A study shows quality of life and living standards have dropped for everyone, but the worst affected are those over 50.
The figures were released as the Office of National Statistics disclosed the consumer price index (CPI) increased to 4.5% in April from 4.0% in March.
Statisticians blame rising inflation on the timing of the Easter holidays for some of the increase, as travel firms and air lines boost their prices to coincide with the holidays.
Air transport was cited as one of the main inflation drivers, along with alcohol, tobacco and gas.
The retail price index (RPI) – which differs from the CPI by including housing costs – stands at 5.2% for April – a slight fall of 0.1% from March.
The Saga study revealed that financial problems are making the over 50s slash spending on treats and luxuries, with four out of 10 eating less in restaurants (41%), driving less (40%), and buying fewer takeaway meals (47%) than 12 months ago.
Personal treats are disappearing from budgets as well, as many (38%) have stopped buying clothes and one in four have cut cosmetics and hairdressing.
The study is Saga’s second quarterly report on the lifestyles of the UK’s 21 million over 50s.
Dr Ros Altmann, Saga’s director general, said: “Financial burdens for the over 50s have worsened in the past three months with living costs soaring. We are witnessing a significant decline in discretionary spending. This has worrying implications for the whole economy and could mean less consumer demand and less job creation for the young.
“Despite these hardships, the over 50s are trying to remain positive and stoical as proved by the stability in their overall happiness since January.”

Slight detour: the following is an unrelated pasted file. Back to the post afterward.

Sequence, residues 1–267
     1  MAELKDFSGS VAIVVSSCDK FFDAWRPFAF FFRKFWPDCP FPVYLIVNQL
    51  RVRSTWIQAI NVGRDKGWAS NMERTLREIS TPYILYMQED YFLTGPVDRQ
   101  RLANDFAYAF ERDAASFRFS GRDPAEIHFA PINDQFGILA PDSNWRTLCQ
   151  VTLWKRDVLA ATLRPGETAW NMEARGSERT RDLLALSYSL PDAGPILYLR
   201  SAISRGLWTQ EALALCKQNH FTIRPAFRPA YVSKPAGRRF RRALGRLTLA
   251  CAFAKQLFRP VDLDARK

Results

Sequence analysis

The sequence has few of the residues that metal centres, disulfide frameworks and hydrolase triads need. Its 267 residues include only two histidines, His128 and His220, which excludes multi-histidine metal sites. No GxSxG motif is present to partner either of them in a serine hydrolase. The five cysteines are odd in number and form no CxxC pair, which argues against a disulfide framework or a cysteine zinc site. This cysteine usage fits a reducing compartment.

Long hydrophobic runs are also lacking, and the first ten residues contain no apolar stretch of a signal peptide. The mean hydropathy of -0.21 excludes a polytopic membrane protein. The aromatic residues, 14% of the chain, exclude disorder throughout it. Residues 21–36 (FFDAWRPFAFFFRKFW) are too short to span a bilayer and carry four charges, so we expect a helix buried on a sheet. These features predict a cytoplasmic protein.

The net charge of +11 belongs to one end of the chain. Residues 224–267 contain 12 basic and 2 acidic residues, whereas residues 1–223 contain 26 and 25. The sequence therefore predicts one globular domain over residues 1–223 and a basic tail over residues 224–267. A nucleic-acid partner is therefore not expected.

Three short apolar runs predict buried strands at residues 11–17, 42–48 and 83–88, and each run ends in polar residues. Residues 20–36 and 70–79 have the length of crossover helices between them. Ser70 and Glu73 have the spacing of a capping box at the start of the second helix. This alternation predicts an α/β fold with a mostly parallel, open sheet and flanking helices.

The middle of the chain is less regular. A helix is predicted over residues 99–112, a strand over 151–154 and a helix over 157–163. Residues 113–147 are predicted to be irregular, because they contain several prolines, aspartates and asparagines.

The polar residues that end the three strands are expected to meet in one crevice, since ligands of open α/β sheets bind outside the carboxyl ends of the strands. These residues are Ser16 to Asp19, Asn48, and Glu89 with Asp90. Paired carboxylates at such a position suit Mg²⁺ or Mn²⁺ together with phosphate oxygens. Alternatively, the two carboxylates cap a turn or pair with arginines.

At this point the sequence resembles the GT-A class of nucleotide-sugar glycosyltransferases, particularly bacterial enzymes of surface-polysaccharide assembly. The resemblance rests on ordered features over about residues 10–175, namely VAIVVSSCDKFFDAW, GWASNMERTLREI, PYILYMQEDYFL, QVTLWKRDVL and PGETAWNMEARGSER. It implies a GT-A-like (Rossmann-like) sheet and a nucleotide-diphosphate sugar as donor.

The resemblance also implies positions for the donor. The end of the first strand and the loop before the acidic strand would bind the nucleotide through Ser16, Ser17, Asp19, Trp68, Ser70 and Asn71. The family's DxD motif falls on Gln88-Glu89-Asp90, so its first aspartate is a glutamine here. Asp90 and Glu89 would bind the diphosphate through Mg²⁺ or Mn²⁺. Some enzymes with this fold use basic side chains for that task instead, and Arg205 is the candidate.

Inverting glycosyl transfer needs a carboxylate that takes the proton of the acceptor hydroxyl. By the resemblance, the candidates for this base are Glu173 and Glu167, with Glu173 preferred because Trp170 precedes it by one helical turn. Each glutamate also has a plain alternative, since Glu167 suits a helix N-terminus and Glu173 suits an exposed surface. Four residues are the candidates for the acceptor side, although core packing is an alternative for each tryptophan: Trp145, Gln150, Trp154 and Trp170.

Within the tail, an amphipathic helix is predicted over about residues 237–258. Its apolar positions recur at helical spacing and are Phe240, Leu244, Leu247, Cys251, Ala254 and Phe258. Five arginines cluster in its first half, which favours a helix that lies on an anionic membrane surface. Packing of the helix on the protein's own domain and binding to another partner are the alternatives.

Only those approaching 70 years old showed any lifestyle improvement with Saga putting this down to many continuing work and earn extra money after the scrapping of the default retirement age of 65 years old.
More than half of the age group (56%) are concerned about the cost of living, ahead of worries about health (27%), family health (21%) or crime (17%).
Meanwhile, another monthly study of inflation by savings provider Alliance Trust confirmed those aged between 50 and 64 are suffering a higher rate of inflation than the rest of the population – at 5.1%.
Around two-thirds of the over 50s want the Bank of England to increase interest rates to help them earn more from savings.
Alliance Trust puts this down to this age group spending the most money on transport, alcohol and tobacco
The same study puts inflation effects on the over 75s at 4.8%. Their spending is boosted by low food prices, but gas price hikes have hit them hard.
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